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Maximum12

Different Canoe Materials

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I'm looking to buy a canoe in the next month & am just starting to gather information on aluminum vs. plastic vs. kevlar. Anyone have any good resource sites or a particular store that I could get info from & carry all three types?

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I know that the Bell canoe works HSOforum talks a little about their Royalex(plastic), Kevlar, and Carbon fiber/composites. I have also been to the Alumacraft HSOforum to look at their canoes. But I don't know of a source that actually compares things like abrasion resistance/puncture resistance etc.

You could attend the Midwest Mountaineering Show in MPLS. in a couple of weeks. There will be quite a few dealers(not sure if any aluminum dealers), and there will be a canoe auction and there is usually a wide variety for sale including a few aluminum.

[This message has been edited by Nels (edited 04-09-2003).]

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I have a 16' Old Town Discovery that is made of something called Crosslink 3 and I've pounded it into sharp rocks at pretty good speed, even gone over small waterfalls and landed on boulders and jagged rocks, and it hardly has a scratch in it. Impressive stuff.

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It really depends on what you're using it for. Where do you plan to use it? Is portaging an issue? Boundary waters, or quiet rivers and lakes around home? How much can you spend? How many people will be with you, and how much gear will you put in it?

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Yeah, I'll most likely be going to the Midwest Mountaineering auction, although I didn't know there would be dealers there. That's good to know.

I'll use it mostly in the BWCA & Twin Cities lakes, so it'll be mostly low-impact lake use with a little river-running in the BWCA. I only go twice a year. Portaging I'm not concerned with, it doesn't seem like anything I'm looking at is over 65 - 70 pounds or so.

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Then the money you'd have to pay for kevlar really isn't worth it for you probably. I sure liked the Old Town Penobscot 17. They're around 60 pounds, and really paddled fast I thought. bit tippy though.

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Maximum -

I agree it does depend on how & where you wish to use the canoe. And what for.

I use mine to fish rivers in SE MN that are full of limestone and I own a River Ridge Custom Canoe for several reasons. They are very manuverable which is important in smaller rivers. They're set up to use with either a trolling motor or small gas motor which makes them much easier to fish from.
They're made of fiberglass and easy to repair
which is important because a canoe of any material will get ripped up in limestone streams.

If portaging isn't an issue, weight may not be that important so something in the 65-80 lb range would be fine providing you don't mind loading it alone on top of a car if you're alone and using a car to transport it. I use a pickup so don't need to lift it that far.

Generally lighter means more money.

If you're older I would pay attention to seat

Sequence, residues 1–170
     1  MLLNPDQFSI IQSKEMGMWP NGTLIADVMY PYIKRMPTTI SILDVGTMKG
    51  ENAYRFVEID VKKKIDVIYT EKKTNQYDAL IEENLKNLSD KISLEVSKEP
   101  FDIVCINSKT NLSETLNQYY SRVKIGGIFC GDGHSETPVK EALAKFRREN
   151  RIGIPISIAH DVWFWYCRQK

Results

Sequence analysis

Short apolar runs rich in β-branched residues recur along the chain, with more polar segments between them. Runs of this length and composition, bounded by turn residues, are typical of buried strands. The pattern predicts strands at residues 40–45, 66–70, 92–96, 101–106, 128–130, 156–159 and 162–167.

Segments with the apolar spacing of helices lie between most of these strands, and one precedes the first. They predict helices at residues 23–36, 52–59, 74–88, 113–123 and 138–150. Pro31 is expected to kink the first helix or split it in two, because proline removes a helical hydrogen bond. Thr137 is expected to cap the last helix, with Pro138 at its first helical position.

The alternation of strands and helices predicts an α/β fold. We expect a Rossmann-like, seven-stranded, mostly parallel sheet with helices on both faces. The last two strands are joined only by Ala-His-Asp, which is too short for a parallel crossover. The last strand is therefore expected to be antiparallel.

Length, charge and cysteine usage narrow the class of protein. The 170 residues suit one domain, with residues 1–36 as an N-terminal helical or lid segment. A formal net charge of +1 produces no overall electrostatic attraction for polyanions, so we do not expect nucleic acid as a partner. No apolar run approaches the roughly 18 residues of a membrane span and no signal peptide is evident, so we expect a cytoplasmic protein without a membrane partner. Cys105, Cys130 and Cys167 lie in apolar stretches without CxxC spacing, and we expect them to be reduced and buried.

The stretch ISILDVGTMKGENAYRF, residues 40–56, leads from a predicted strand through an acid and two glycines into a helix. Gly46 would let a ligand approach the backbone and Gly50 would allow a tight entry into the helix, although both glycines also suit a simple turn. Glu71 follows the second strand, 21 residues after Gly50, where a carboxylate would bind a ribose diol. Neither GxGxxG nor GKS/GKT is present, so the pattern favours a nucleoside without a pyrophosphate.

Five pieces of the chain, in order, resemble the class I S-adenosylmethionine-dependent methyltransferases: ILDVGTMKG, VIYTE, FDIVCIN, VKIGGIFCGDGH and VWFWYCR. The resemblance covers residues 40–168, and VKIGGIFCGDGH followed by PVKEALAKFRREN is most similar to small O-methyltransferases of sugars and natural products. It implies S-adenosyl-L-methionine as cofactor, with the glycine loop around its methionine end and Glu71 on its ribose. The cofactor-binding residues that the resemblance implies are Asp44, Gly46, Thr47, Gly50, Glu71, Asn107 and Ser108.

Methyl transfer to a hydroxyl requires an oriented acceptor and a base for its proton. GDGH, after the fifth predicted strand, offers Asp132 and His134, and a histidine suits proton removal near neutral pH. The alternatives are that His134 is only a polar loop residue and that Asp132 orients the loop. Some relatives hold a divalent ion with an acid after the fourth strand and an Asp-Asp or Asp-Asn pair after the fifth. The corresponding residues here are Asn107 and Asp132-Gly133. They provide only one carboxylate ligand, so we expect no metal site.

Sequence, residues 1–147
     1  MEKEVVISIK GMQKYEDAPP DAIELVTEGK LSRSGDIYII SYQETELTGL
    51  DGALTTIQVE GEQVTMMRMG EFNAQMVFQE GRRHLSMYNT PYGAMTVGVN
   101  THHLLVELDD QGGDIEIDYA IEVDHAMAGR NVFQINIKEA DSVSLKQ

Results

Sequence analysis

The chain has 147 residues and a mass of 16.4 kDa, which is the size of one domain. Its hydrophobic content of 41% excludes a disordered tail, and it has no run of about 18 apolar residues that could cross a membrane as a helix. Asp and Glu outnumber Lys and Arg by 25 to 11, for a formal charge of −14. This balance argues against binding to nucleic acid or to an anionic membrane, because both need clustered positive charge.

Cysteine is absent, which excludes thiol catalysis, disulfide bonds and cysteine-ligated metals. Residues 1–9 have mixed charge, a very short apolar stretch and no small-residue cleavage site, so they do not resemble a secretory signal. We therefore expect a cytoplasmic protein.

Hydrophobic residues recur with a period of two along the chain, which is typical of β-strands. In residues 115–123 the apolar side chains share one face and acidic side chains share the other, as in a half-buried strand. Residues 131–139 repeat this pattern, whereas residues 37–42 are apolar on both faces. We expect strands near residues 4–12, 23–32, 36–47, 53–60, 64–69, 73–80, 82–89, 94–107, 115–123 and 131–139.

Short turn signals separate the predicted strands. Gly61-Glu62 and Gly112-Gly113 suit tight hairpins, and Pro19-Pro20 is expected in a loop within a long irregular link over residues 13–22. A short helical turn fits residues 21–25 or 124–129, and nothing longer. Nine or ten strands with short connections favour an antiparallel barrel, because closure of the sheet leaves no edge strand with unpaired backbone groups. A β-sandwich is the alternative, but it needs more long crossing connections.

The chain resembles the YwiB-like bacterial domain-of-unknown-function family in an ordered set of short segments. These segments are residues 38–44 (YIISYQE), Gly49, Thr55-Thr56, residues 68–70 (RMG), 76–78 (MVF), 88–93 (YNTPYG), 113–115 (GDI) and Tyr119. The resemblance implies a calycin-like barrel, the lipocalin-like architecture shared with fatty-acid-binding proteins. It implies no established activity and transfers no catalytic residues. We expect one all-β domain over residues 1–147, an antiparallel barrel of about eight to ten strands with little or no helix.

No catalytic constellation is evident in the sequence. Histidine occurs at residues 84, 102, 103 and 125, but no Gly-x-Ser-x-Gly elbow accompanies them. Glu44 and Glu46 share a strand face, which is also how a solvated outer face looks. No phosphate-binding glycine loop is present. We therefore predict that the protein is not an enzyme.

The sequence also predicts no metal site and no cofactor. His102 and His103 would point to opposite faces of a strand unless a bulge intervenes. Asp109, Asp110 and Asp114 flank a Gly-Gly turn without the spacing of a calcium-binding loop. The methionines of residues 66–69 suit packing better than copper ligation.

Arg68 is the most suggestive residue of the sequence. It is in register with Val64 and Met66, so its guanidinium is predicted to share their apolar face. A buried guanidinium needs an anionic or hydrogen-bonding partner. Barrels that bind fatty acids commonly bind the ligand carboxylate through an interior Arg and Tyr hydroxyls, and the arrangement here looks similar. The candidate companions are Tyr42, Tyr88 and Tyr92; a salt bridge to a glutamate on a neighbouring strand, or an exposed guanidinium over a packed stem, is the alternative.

comfort and what options are available to improve that. My canoe has standard upholstered boat seats and drinkholders and some other ammeneties that make it user friendly.

If primary use were for paddling I would recommend a double end over a square stern.

I would also make stability a priority. There is a huge difference in stability from one design to another. I've had 6 canoes and 2 were very unstable. The last 2 and my first one (aluminum double end) were very stable. One was a Coleman 17' double end - stability was okay, but not great manueverablity.

Hope that helps.

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Thanks for the info.

I'm leaning towards the Old Town Penobscot 17 for a couple of reasons - I'm familiar with it (my friend has one)& my wife can get a killer deal on one - but I've never liked the relative lack of stability. And I'd agree that seat comfort is a huge deal when you're on your derrier for hours at a time!

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Your right about the primary and secondary stability. The Penobscot has poor primary stabilty, so it feels like you could go over at any time. However, it's secondary stability is pretty good. Once you're in the thing for a while, you begin to trust it more, and don't notice the little twitches. Like I said before, I thought it really cut through the water nice, and you have enough room for boundary waters camping, it's relatively light for portages, and pretty durable too.

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Keep in mind there are 2 kinds of stabilty in canoes. Primary & secondary. Flat bottoms have great primary but bad secondary. I have an old town discovery 174 (which is for sale BTW) and although it feels a little tippy, it take a lot to roll it. On the other hand the flat bottoms feel good, but make one wrong move and your upside down in a blink of an eye. Check out the wenonah.com for some great reading on the diffent hull shapes and why the shapes do what they do.

Have fun!! Jeff

Take a little advice too. Buy the LIGHTEST canoe you can afford, otherwise you'll be seling a heavy one and looking for a lighter one like I'm doing right now!!

[This message has been edited by MNice (edited 04-10-2003).]

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